In tweets to her followers, Nevada Rep. Shelley Berkley claims her Republican opponent for U.S. Senate voted to “kill Medicare” and to “effectively ban contraception.” Both statements are untrue.
Sen. Dean Heller supported failed Republican legislation that would have substantially changed Medicare — in 2022 — to a program that subsidizes private insurance plans for seniors. But the entitlement would not have ended. Heller also voted for the so-called “Blunt amendment,” which would have allowed an employer to deny coverage of specific items or services contrary to the employer’s religious beliefs or moral convictions. The failed proposal went well beyond repealing President Barack Obama’s controversial “contraception mandate.” But the Republican-backed bill would not have banned anything.
Berkley isn’t the only politician to mis-tweet falsehoods. As we’ve noted before, spreading disinformation via Twitter is thoroughly bipartisan.
Our thanks to Jodi Stephens of Reno, Nev., who tweeted Berkley’s claims to us via @Spin_Detectors. Spin Detectors is a project through which we ask our readers to help us monitor political claims and campaigns across the country. Stephens is executive director at the Nevada Senate Republican Caucus.
Berkley, a seven-term Democratic congresswoman, is in a tight race with Heller. And she’s been making misleading claims that he voted to “end” or “kill” Medicare since at least August. Berkley is referring to Heller’s support in 2011 for a budget plan introduced by Wisconsin Rep. Paul Ryan dubbed “Path to Prosperity,” which outlined changes to Medicare. Heller voted for the budget plan in April 2011, when he was still a Nevada congressman. He supported the bill again in May after he was appointed to the Senate to replace Ensign, who resigned amidst an ethics investigation.
(The #secondthought hash tag, which Berkley has been placing at the end of her Twitter attacks against Heller, is referring to the senator’s recent statement that he “never had a second thought” about voting for the Blunt amendment.)
Medicare would not have ended under Ryan’s plan. And it would not have changed for anyone until 2022. People who turn 65 that year would be given a voucher to purchase private health insurance — in lieu of the current fee-for-service program — from a Medicare exchange set up by the government. Here are more of the plan’s main bullet points:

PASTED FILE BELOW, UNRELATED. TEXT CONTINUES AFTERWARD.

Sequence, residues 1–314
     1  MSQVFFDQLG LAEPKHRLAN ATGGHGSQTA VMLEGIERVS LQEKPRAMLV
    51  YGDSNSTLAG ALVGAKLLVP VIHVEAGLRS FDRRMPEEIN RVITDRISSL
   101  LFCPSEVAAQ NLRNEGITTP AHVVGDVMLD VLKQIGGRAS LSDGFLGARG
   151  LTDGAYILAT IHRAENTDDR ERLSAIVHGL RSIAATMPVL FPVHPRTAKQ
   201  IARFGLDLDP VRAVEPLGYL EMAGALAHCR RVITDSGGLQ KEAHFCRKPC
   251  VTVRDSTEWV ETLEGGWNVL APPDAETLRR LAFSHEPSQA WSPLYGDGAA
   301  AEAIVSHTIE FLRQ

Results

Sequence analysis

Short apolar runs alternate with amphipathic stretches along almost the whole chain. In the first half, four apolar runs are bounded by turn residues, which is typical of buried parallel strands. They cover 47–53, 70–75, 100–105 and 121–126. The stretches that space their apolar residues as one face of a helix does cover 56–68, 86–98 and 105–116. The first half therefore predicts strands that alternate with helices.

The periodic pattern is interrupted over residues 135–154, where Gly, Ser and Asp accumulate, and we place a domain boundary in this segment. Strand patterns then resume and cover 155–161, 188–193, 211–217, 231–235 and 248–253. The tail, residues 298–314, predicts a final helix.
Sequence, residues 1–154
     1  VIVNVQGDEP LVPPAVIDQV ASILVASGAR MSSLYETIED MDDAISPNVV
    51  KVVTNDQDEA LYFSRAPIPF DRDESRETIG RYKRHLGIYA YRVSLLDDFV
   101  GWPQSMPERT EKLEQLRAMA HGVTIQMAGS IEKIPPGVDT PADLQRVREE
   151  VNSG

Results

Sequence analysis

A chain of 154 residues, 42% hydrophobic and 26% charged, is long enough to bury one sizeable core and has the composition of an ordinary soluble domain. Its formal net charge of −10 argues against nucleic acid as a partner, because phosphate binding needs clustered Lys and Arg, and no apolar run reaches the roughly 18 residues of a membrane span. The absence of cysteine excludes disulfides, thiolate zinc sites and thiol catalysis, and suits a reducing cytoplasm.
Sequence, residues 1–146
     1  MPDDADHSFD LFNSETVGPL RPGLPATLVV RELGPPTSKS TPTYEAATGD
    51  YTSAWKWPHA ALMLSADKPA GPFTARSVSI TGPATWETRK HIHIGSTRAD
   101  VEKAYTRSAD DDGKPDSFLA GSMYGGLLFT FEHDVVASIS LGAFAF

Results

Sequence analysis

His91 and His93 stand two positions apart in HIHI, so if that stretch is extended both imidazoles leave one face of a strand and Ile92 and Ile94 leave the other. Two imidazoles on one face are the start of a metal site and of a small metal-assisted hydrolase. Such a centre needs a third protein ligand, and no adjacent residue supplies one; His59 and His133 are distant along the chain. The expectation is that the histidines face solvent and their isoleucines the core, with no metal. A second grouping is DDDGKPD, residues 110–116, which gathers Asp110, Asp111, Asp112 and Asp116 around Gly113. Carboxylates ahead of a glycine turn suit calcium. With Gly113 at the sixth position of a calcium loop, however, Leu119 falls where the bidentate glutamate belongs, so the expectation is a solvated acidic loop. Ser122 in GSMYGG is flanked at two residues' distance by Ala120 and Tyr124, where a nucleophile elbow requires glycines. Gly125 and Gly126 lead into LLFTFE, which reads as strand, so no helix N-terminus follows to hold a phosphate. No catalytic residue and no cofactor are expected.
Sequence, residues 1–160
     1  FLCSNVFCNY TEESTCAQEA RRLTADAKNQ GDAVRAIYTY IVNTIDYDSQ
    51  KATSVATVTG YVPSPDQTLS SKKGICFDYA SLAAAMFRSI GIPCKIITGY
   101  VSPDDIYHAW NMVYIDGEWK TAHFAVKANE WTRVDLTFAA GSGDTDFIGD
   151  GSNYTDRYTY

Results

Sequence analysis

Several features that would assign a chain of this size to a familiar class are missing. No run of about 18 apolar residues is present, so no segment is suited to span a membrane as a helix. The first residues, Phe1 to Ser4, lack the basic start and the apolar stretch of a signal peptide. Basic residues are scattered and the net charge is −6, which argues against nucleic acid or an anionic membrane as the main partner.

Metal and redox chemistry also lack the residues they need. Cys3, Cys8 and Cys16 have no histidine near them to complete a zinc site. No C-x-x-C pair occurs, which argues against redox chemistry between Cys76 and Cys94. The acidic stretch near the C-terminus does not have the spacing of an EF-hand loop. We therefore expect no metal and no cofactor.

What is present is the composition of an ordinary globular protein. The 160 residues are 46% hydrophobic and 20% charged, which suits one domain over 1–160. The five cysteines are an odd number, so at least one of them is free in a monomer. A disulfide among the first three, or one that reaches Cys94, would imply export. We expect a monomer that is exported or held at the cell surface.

- The exchange would offer plans only to seniors, and those plans would be required to provide a certain level of standard benefits. Insurance companies would be required to cover anyone who wanted a plan and to charge the same premium for those of the same age.
- The average subsidy, or “premium-support payment,” as Ryan called it, would be $8,000 in 2022. Those with higher incomes would pay more out of their own pocket, and the payments also would be different, depending on health status.
- Low-income seniors would get government-financed medical savings accounts, with $7,800 deposited into the account in 2022.
Ryan’s budget proposal, like the federal health care law, called for reducing the future growth of Medicare spending, which is projected to go up every year. And the nonpartisan Congressional Budget Office found that the typical Medicare beneficiary would spend more on health care under the proposal. But the entitlement program wouldn’t end.
Heller did not vote to ban contraception use. He supported Blunt’s Respect for Rights of Conscience Act, which would have allowed employers to deny coverage of “specific items or services” contrary to an employer’s religious beliefs or moral convictions. The bill was in response to the Obama administration’s contraception mandate, which will require employers to offer free contraception coverage to employees.
Religious entities, such as churches, are exempt from administration’s mandate. And religious institutions, such as church-affiliated universities and hospitals, will be able to opt out of providing contraception coverage, which would be taken up by insurance companies. And while it’s true that Blunt’s bill would go well beyond repealing the mandate, giving employers expanded latitude for denying coverage, the legislation does not ban contraception itself.
— Ben Finley